A pair of Las Vegas judges face possible suspension after the Nevada Commission on Judicial Discipline found they posed “a substantial threat of serious harm to the public or administration of justice,” according to papers filed with the commission Friday.
While the allegations were not detailed in a notice of intent to suspend Las Vegas Justices of the Peace Amy Chelini and Melanie Andress-Tobiasson with pay, the commission ordered a two-day hearing for next month at UNLV’s Boyd Law School.
The judges, through their attorneys, have denied any allegations of improper conduct.
“There are no allegations of judicial misconduct,” Andress-Tobiasson attorney, Bill Terry, said. “Not one of the allegations against Judge Tobiasson is directed to her fairness or her competency as a judge. That is not the issue. The grievance that was brought was brought by court personnel that are not happy with judges who want to run their own courtrooms. Bias by Judge Tobiasson is not alleged nor are there any allegations pertaining to the way that she adjudicates cases or treats people. This is a head-hunting expedition, and we intend to litigate it fully.”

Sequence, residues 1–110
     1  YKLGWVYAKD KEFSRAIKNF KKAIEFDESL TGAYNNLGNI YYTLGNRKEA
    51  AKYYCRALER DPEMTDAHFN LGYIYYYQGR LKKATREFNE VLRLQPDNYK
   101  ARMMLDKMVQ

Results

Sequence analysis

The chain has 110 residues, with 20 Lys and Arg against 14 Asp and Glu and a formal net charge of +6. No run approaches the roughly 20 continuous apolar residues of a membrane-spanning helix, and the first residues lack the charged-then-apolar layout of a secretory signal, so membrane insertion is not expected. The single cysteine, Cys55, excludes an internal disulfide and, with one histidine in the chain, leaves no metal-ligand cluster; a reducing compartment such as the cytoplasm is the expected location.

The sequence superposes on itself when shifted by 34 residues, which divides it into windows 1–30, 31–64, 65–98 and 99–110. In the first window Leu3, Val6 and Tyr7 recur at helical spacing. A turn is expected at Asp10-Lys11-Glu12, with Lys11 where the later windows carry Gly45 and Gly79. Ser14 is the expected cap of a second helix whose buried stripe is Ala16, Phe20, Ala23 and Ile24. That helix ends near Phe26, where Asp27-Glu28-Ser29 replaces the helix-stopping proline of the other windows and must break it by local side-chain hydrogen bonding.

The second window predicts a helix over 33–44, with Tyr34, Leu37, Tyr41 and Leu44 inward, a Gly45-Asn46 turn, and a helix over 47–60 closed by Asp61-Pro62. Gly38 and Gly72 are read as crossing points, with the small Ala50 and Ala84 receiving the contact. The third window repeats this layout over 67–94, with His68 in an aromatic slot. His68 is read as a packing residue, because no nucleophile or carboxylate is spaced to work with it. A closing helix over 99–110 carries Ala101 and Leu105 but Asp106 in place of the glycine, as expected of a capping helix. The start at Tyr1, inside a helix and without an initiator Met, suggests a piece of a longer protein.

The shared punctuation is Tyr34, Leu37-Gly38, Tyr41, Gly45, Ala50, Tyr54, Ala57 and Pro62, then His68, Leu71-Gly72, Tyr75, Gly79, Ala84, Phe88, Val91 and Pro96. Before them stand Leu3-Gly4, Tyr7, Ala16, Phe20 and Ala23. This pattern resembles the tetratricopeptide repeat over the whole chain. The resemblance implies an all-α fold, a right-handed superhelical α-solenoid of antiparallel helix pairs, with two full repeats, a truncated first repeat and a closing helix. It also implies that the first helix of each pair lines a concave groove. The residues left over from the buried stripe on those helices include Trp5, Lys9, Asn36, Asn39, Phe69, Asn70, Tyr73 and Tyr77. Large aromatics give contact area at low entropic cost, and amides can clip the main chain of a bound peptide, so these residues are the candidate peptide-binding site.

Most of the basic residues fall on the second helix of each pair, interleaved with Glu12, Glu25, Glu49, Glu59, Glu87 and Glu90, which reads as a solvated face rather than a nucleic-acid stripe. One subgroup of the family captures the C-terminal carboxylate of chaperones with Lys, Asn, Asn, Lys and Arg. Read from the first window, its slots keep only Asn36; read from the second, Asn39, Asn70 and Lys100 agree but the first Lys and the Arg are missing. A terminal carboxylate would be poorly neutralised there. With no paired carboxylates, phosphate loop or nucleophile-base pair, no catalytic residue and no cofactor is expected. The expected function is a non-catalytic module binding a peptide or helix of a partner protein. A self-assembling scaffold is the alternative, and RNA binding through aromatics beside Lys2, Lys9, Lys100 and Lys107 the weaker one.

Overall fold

Chelini’s attorney, Tom Pitaro, added: “There’s absolutely no allegation or hint that Judge Chelini is not running a fair, efficient and just courtroom as she was elected to do.”
Each judge received papers last month that stated the commission determined Andress-Tobiasson and Chelini posed threats “based upon the findings of a commission investigation into numerous allegations of judicial misconduct.”
Andress-Tobiasson, a former Clark County prosecutor, took the bench in 2009. Chelini, a former criminal defense attorney, was elected in 2016.
A call to the commission Friday was not answered.
According to papers filed on the commission’s website, prosecutors are expected to present upward of six hours of evidence about the alleged threats, while the judges and their lawyers have six hours to show why they should not be suspended.